Some residents uneasy with asylum seekers being housed in Boucherville

Close to 200 asylum seekers are being given temporary shelter in a former senior's home, the Havre Providence, in a quiet neighbourhood in Boucherville — a move that is soliciting mixed reaction online and in person.

City says they took down some offensive online comments following announcement

The Havre Providence seniors residence will house 200 asylum seekers in Boucherville. (CBC)

Close to 200 asylum seekers are being given temporary shelter in a former senior's home, the Havre Providence, in a quiet neighbourhood in Boucherville — a move that is soliciting mixed reaction online and in person.

The centre was opened to help manage the influx of thousands of refugee claimants, many of them Haitian nationals, illegally crossing the U.S.-Canada border.

The City of Boucherville announced Aug. 11 that the facility, located on des Seigneurs Street, was "temporarily requisitioned by the ministry of health and social services to make it a transitional accommodation centre for the reception of Haitian Asylum seekers."
The costs of the temporary centre are being covered by the provincial government. (CBC)

A second post on their Facebook page, published Tuesday, added that the cost of setting up the centre was being covered by the province and that "the city was not consulted as to the choice of the site."

City officials later had to take down a series of offensive and even racist Facebook comments aimed at the new arrivals, said Julie Lavigne, director of communications for the city.

"It's really mixed," she said. "It's a minority that doesn't want to help others."

She said there were less than 10 comments that the city decided to hide or delete online, and that most of the reaction has otherwise been positive.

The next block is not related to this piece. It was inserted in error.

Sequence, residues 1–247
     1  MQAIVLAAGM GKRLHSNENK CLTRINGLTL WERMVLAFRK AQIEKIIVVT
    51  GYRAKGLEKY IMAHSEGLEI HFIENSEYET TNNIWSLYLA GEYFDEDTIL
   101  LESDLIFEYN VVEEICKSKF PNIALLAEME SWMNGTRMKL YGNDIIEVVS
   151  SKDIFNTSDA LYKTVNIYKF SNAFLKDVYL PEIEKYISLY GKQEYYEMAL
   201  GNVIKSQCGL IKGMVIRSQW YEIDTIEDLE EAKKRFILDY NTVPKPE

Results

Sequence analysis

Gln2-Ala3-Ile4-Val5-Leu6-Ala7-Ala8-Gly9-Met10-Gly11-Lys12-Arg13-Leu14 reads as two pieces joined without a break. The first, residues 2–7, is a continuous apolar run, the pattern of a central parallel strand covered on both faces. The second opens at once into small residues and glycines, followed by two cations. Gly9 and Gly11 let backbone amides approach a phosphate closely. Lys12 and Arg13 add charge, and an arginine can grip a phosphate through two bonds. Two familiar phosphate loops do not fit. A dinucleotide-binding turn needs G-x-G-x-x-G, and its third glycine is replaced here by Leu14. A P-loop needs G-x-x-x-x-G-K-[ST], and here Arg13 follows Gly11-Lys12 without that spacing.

Residents at odds

Linda Gauthier, who's lived across the street from Havre Providence for 11 years, told CBC that the new neighbours don't sit well with her, adding that some are "noisy" and "not respectful."

"I'm worried," she said. "I'm always watching."

Gauthier said that if the centre stays open into next year, she might consider finding a new place to live.

She said she isn't the only person who feels this way, adding that one of her neighbours put up a homemade sign that read "Privé/Private" to keep people from walking on their property.

One Boucherville resident put up a homemade sign discouraging people from using their property as a thoroughfare. (CBC)

But other residents like Gilberte Hebert, who lives in an apartment across the street from the residence, disagrees.

"They seek refuge in Canada, and, well, I wish them good luck," she said.

Yvon Dorais added that it is Canada's responsibility to help newcomers. He's optimistic that people who are wary of asylum seekers will have a change of heart.

"Once they know a little bit more, they start to understand," he said.​

It's not clear how long the building will serve as a shelter for the asylum seekers.

Gilberte Hebert told CBC she's ready to welcome the asylum seekers moving in across the street. (CBC)

Situation under control

Marie-Claude Bibeau, federal minister of international development, is assuring the public that the situation at the border is being managed effectively.

"It would be a crisis if it was out of control, but it's not," she told Radio-Canada Wednesday morning. 

Hundreds of people are being processed at the Saint-Bernard-de-Lacolle border every day. (The Associated Press)
Bibeau called the number of refugee claimants coming through "abnormal," qualified it as an "exceptional situation" after visiting the Saint-Bernard-de-Lacolle border the day before.

The Canadian Border Agency said last Friday that as many as 1,200 people were waiting to be processed at that same crossing.

"Everyone is working really hard to collaborate," said Bibeau. "They are working long hours, their work conditions are more difficult than normal and sitll, we are managing the situation."

With files from Radio-Canada's François Messier